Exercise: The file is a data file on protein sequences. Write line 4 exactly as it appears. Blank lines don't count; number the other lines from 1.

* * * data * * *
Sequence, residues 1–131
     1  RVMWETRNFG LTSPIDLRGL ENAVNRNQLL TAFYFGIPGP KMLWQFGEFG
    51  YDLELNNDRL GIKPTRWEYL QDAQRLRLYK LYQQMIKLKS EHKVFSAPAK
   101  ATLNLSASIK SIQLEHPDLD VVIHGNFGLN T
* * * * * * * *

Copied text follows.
   101  ATLNLSASIK SIQLEHPDLD VVIHGNFGLN T